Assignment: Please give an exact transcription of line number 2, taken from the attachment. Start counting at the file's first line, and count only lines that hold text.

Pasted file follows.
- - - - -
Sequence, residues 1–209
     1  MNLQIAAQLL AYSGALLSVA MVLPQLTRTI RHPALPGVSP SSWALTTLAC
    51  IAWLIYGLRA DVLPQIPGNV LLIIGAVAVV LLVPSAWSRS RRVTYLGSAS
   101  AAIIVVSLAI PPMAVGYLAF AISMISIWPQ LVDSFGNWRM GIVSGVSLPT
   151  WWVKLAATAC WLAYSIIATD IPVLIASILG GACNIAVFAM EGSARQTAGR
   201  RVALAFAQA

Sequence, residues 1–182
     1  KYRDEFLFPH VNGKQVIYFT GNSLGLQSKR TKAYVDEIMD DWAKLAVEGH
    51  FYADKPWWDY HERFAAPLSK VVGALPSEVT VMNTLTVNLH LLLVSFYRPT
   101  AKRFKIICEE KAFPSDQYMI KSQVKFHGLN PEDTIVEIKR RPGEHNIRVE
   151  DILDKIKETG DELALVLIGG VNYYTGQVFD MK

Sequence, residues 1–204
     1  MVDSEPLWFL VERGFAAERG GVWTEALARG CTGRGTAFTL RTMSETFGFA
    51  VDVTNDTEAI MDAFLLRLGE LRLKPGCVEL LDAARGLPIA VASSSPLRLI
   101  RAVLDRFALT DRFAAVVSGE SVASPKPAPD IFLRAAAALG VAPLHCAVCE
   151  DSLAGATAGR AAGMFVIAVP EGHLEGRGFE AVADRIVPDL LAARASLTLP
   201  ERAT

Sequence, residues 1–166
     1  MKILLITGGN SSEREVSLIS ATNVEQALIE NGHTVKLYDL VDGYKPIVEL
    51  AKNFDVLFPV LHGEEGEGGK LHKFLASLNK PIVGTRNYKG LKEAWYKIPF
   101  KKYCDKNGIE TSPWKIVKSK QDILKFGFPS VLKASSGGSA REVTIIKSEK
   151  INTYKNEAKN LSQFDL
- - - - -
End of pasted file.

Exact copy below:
     1  MNLQIAAQLL AYSGALLSVA MVLPQLTRTI RHPALPGVSP SSWALTTLAC